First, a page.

Those who noticed that there was no Bytes yesterday can put it down to computer geek and Byter, Dino, working on my computer longer than intended to remove some glitches.
(Interestingly, the term “glitch” comes from the German “glitschig”, meaning “slippery” and thence to Yiddish “glitsh”. The term refers to a short lived or minor fault in a system and was originally used by electronics hardware engineers. It gained wider exposure and dissemination when used by persons involved in the US space programs in the early 1960’s.)
Here is a trivia quiz for you: What do the Mafia and milk have in common? It’s not a trick question or funny riddle and is explained in the following article which I reprint, in part, from its original source, a website called Times News, at:
Here is the item:
Why is milk dated? An unlikely answer to that can be found in, of all places, Alcatraz Island. During a tour of the former federal prison, a U.S. National Park ranger noted that Al Capone "lobbied for milk bottle dating to ensure the safety of the city's children."
Capone was a Chicago businessman who made a fortune in alcohol distribution during the brief period of Prohibition from 1920 to 1933. During this period, the demand for alcohol actually increased, with taverns being replaced with speakeasies, and the purveyors of "booze" labelled gangsters and racketeers.
Although Capone was sent to Alcatraz, it was for the white collar crime of evading taxes on the money he earned distributing alcohol, not for the numerous violent crimes attributed to him, such as the St. Valentine's Day Massacre.
Although the Federal government viewed Capone as a gangster, to many people in his adopted city of Chicago, he was a modern-day Robin Hood.
Capone was the first person to open a soup kitchen to feed the poor during the Depression. At a time of 25 percent unemployment, Capone's kitchens served three meals a day to ensure that everyone who had lost a job could get a meal. Soon, every city and town had a soup kitchen.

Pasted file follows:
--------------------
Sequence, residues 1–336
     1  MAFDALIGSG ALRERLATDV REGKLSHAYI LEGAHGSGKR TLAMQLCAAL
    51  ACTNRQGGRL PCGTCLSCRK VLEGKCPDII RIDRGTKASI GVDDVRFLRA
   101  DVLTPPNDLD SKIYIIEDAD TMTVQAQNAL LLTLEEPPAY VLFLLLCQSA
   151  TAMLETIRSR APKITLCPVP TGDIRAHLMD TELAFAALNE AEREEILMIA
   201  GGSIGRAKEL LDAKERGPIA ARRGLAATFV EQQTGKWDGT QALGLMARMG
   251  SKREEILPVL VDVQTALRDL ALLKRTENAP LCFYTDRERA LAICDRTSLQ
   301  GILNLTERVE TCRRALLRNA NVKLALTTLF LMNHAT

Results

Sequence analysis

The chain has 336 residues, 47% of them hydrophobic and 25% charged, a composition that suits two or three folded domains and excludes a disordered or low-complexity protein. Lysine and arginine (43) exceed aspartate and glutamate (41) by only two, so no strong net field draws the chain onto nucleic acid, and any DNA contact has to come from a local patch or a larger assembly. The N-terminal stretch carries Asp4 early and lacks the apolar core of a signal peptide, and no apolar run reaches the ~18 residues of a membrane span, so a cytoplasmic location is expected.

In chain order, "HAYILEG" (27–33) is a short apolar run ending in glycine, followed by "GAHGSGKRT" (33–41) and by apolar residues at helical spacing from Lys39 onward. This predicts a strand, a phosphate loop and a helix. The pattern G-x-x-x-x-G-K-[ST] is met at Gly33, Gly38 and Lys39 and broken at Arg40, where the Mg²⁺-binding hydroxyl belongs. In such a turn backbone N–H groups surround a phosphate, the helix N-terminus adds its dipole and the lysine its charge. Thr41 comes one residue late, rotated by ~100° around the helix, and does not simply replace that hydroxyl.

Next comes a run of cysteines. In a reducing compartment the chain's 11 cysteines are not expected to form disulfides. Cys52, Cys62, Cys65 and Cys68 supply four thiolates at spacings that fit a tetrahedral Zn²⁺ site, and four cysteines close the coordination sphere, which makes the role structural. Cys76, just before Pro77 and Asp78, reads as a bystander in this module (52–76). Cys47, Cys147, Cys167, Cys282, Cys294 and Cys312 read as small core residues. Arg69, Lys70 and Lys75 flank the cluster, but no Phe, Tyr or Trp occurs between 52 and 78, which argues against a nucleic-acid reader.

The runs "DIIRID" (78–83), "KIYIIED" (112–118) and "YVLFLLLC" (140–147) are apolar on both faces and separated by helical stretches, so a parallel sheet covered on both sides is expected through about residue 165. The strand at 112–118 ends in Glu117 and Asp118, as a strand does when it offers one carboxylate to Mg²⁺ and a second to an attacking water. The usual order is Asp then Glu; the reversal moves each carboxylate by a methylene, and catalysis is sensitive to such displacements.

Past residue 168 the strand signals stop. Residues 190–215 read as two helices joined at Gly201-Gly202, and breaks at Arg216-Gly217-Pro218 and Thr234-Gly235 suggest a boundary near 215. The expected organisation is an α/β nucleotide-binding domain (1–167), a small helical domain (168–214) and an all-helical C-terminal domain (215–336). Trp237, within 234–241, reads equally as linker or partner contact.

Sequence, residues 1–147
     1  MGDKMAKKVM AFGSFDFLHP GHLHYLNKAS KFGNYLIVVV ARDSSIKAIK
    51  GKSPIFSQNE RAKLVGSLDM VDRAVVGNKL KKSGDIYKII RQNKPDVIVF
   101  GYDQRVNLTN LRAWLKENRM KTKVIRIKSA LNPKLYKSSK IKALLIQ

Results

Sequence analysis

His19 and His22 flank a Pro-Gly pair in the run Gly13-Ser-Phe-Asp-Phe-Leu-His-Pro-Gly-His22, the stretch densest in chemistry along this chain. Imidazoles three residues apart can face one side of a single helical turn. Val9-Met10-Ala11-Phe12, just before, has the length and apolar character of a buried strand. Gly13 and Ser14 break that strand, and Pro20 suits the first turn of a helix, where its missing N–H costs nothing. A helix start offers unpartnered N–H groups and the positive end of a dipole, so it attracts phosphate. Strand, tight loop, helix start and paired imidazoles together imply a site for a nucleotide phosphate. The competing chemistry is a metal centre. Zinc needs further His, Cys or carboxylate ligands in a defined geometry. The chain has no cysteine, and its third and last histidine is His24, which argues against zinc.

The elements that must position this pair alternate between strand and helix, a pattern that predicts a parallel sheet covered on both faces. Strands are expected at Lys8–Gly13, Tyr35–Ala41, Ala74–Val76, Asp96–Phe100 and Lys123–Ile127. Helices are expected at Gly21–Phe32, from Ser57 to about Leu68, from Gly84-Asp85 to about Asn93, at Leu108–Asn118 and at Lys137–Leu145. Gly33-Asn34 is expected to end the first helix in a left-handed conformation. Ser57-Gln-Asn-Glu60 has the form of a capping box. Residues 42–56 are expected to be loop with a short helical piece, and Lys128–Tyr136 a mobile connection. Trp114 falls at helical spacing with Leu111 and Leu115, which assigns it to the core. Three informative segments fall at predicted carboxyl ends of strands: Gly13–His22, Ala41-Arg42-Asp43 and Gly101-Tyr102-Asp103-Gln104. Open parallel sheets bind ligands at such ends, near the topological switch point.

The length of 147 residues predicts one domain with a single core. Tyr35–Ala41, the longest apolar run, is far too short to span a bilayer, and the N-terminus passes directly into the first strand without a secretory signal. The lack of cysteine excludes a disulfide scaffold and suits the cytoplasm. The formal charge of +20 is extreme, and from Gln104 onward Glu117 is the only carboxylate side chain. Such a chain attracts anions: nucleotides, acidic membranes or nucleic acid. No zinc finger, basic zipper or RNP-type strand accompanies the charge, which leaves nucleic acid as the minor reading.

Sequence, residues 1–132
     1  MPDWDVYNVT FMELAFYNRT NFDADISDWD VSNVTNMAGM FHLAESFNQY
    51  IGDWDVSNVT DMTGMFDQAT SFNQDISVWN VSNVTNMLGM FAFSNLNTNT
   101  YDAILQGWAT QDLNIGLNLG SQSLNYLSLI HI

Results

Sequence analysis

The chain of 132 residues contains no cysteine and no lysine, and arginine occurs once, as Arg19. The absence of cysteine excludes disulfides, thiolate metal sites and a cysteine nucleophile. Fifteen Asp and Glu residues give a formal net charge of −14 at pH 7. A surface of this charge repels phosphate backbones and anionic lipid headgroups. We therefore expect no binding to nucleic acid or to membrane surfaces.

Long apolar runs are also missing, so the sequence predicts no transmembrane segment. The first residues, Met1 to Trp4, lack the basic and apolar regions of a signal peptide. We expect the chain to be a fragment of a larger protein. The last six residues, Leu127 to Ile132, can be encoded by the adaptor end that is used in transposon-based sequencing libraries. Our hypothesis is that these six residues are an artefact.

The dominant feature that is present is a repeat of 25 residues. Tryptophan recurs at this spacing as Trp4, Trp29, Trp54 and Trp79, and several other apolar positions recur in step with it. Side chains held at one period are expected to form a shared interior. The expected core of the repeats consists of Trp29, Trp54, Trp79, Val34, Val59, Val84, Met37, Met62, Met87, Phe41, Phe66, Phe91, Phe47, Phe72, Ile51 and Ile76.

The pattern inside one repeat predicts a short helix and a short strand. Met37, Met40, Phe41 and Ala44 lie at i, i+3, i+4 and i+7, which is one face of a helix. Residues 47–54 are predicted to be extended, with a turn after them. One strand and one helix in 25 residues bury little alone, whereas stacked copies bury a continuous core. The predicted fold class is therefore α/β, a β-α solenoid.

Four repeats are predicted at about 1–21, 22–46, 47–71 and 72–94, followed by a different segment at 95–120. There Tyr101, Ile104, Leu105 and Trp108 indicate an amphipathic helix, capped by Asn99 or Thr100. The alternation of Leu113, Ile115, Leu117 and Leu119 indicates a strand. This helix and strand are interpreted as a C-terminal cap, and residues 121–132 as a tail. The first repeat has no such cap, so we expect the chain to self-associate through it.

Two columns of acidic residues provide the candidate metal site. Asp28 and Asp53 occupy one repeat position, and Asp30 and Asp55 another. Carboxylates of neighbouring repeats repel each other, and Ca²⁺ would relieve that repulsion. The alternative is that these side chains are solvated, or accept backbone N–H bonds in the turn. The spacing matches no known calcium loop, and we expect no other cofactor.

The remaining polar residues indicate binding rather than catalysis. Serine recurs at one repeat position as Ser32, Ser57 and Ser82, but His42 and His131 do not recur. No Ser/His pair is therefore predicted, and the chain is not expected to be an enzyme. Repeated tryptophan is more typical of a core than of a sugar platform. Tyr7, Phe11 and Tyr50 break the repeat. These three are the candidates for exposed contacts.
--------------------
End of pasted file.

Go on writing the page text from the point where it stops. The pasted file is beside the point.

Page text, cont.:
Capone did not only open them, but he would go to the soup kitchens and help serve the meals. These soup kitchens cost Capone thousands of dollars every day to keep running. It is said that Capone had a soft spot for people who were struggling.
It was reported that one of Capone's family members in Chicago became ill from drinking expired milk. At that time, there were no controls on milk production, neither expiration dates nor controls on adulteration, dilution or skimming of the cream.
This drew Capone's interest to the milk business, and he saw several things: the milk distribution business had a shady character – and Capone was comfortable with shady businesses; he didn't like to see people, especially children sickened by adulterated milk; he saw a potentially high profit in milk distribution; and with Prohibition soon to end, he had a fleet of trucks that could easily be used to transport milk.
Capone took two steps to move into the milk business. One was to acquire a milk processor, Meadowmoor Dairies. The other was to have the Chicago City Council pass a law requiring a visible date stamped on milk containers.
On the second item, it was likely that Capone had already cornered the market on equipment to stamp expiration dates on bottles, and the passage of the legislation would help him take over the Chicago milk market.
In 1930s Chicago, before refrigeration and supermarkets, milk was delivered by the milkman, a teamster's union member. The union controlled the distribution of milk, whose freshness depended on how long the milk sat around until the driver delivered it.
The unions would only deliver local milk. Meadowmoor Dairies wanted to import cheaper milk from Wisconsin, and wanted it delivered by their own non-union truckers.
With the negotiations at a standstill, Capone's people reportedly kidnapped the union president and used the $50,000 ransom to purchase the dairy. The dairy was given as a present to Capone's attorney, William Parrillo. Meadowmoor Dairies opened three months before Capone went to prison.